Long before he became a community leader and successful businessman in Denver, Henry O. Wagoner (1816-1901) was a staunch activist of the abolitionist movement, a typesetter and journalist for several radical anti-slavery newspapers, and a primary school teacher. He helped fugitive slaves escape to freedom via the Underground Railroad in Maryland, Illinois, and even in Chatham, Ontario in Canada. As an active participant in the anti-slavery movement, he met and corresponded with several prominent abolitionists of his era—and cultivated a close and enduring friendship with the indomitable orator and statesman Frederick Douglass. This formative and influential friendship lasted for fifty years. Though Wagoner was not a central figure of the abolitionist movement, he was certainly a prominent one, and his contributions deserve more than peripheral attention. Wagoner was unfailingly persistent in his efforts to assist fellow African Americans, and adamant about obtaining equal access to education, the right to vote, and the right to own property in a new era of territorial expansion and possibility.
Born on February 27, 1816 in Hagerstown, MD to a German father and an African American mother freed from slavery, Wagoner learned to read from his paternal grandmother. After working with the Underground Railroad in Baltimore, he headed West and worked as a primary school teacher in Ohio and Missouri before settling in in Galena, Illinois. Wagoner learned how to set type while working at the Northwestern Gazette and Galena Advertiser, and continued helping fugitive slaves navigate their way to freedom. In 1843, Wagoner moved to Chatham, Ontario, which was a popular end point of the Underground Railroad. He worked at the Chatham Journal and taught primary school. He was married in 1844 and lived in Ontario with his wife Susan, until they decided to move to Chicago in 1846. Over the course of their lives, they had seven daughters and a son.
Wagoner’s anti-slavery activism, business acumen, and close personal relationships grew in breadth and depth in Chicago. Prior to meeting Frederick Douglass in 1849 after one of Douglass’ public lectures, Wagoner wrote to him in January, 1848. “I must confess that I have felt a secret joy ever since I first heard your name spoken in connection with the “North Star.” The whole civilized world seems to have turned their attention somewhat towards the subject of human rights, therefore you will not be entirely alone in your new undertaking.” (Frederick Douglass Papers: 1842-1852, p. 286) He saw in Canada how community-based institutions could help black settlers purchase property, and was eager to share his insights.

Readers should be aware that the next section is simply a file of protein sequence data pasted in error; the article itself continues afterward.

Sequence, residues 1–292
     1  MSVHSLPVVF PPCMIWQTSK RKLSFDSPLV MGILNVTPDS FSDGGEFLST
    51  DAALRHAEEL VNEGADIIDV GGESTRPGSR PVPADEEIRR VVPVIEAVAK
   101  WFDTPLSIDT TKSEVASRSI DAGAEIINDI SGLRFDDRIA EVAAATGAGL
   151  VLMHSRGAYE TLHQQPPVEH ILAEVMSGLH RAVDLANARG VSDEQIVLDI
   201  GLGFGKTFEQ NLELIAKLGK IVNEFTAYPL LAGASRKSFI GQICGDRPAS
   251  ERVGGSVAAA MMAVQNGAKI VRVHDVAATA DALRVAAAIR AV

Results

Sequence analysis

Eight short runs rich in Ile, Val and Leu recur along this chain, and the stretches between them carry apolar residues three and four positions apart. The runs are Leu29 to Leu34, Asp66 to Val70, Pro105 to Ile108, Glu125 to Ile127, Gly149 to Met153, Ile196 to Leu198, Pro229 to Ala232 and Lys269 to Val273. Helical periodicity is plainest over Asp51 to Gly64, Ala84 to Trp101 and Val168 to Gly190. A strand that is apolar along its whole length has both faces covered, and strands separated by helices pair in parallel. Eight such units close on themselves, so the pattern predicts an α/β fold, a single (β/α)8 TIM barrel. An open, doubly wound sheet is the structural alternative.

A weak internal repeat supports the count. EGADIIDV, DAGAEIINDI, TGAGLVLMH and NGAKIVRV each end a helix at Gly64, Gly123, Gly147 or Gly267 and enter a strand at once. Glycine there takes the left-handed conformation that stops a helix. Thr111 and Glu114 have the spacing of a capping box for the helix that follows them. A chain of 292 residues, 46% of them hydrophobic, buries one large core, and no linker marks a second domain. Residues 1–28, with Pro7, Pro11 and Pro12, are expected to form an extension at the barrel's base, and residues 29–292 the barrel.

“On looking abroad over this land, and reflecting on the impoverished condition of our unfortunate and disfranchised countrymen a plan has occurred to me, which, if it is worthy of notice, I beg you or some one [sic] else will urge its claims, after putting it into a favorable shape. [. . .] We are all too poor, as a general thing, and we must be awakened to every species of enterprise. [. . .] I would now say to you, to urge our people to push forward and make themselves owner of the soil. This certainly can be brought about by using great preserving industry, joined to the most rigid economy.” (Frederick Douglass Papers: 1842-1852, p.286-289)
It is clear this was also his personal philosophy. After working as an occasional correspondent for Douglass’ newspaper, Wagoner soon acquired a mill and became a businessman. He produced specialty southern-style corn meal, which was very profitable. Wagoner met Barney L. Ford, an escaped slave from South Carolina, who arrived in Chicago via the Underground Railroad. They became good friends, colleagues, and eventually brother-in-laws. Their close ties were established more than a decade before they fought for and eventually secured black male suffrage in Colorado in 1867, when Congress passed legislation prohibiting restrictions in male suffrage in all of the Western territories.
Wagoner moved to Denver in 1865, and established a number of businesses over the years. By 1870 he was considered to be one of the wealthiest African Americans in Colorado. He was active in Republican politics, and fought for equal access to education for Denver’s African American community. He and Lewis Henry Douglass, one of Frederick Douglass’ sons, taught reading and writing to black adults in his home until the Denver school board approved a segregated school building in 1867, and integrated public schools in 1873. A firm believer in the principles of democracy, Wagoner was appointed a clerk in the first Colorado Legislature in 1876, and later appointed deputy sheriff of Arapahoe County in 1880. He died at his home in 1901. Throughout the course of his life, Henry O. Wagoner consistently fought for the rights of African Americans, drawing upon his considerable political and social clout as a respected citizen and businessman.